Hook, James, English organist and composer; b. Norwich, June 3, 1746; d. Boulogne, 1827. He exhibited a precocious talent as a boy, and took lessons with Garland, organist of the Norwich Cathedral. In 1764 he went to London, where he played organ at various entertainment places. In 1765 he won a prize for his Parting Catch. He was subsequently organist and music director at Marylebone Gardens (1769–73) and at Vaux-hall Gardens (1774–1820). His last position was at St. John’s, Horsleydown. He publ, a manual, Guida di musica, in 2 parts (1785, 1794).
dramatic: Theater (all 1st perf. in London): Cupid’s Revenge (June 12, 1772); The Lady of the Manor (Nov. 23, 1778); The Fair Peruvian (March 8, 1786); Jack of Newbury (May 6, 1795); Wilmore Castle (Oct. 21, 1800); The Soldier’s Return (April 23, 1805); The Invisible Girl (April 28, 1806); The Fortress (July 16, 1807); Safe and Sound (August 28, 1809); etc. OTHER: Many oratorios and odes; concertos for harpsichord; sonatas, sonatinas, and divertimentos for piano; songs.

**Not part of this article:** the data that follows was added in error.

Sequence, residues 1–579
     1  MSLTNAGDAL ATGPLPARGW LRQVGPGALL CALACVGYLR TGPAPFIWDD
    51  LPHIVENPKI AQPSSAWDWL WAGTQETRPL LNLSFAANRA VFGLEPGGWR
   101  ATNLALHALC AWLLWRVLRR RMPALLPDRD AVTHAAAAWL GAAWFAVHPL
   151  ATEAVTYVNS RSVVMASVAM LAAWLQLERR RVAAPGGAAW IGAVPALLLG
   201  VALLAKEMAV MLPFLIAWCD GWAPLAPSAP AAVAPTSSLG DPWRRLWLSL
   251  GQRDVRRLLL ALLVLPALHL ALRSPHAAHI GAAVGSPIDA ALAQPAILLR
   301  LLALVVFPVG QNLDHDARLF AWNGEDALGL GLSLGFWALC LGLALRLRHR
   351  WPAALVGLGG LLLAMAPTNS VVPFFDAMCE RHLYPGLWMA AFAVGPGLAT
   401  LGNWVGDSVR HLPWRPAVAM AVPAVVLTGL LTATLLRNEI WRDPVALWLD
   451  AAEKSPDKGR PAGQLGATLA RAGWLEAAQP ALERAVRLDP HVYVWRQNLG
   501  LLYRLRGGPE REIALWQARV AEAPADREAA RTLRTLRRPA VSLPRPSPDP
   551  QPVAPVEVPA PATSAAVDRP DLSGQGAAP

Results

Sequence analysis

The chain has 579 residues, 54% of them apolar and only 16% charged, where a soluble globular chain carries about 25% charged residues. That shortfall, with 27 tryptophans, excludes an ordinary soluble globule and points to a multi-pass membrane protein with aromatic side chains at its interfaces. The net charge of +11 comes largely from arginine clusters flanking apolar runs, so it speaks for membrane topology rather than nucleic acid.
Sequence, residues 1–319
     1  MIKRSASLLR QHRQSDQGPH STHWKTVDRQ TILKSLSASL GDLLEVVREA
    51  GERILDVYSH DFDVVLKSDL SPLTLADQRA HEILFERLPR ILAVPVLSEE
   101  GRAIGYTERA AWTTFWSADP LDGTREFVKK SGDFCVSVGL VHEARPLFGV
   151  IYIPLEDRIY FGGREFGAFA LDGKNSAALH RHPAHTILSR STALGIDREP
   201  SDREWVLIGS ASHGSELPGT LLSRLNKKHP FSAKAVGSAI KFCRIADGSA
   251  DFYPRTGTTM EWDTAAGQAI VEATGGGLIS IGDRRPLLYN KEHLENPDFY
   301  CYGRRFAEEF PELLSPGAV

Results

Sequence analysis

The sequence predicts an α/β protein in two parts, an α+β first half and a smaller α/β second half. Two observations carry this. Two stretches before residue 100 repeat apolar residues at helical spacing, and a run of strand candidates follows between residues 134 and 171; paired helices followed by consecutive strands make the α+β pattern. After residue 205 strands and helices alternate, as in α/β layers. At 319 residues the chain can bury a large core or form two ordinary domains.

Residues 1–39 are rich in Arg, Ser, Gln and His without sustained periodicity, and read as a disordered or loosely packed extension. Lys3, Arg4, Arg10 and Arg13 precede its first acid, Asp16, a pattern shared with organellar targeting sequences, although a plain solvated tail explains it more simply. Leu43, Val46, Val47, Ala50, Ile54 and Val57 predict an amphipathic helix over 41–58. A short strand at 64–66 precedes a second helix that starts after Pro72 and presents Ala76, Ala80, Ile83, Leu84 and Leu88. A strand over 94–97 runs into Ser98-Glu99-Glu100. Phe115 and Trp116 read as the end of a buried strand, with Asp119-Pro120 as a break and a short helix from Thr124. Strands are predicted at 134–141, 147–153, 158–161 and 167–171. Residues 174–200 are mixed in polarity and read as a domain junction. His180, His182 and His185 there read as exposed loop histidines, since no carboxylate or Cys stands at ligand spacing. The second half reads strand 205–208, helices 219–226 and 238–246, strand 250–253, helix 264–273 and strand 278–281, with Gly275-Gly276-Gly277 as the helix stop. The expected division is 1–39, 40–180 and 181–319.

—Nicolas Slonimsky/Laura Kuhn/Dennis McIntire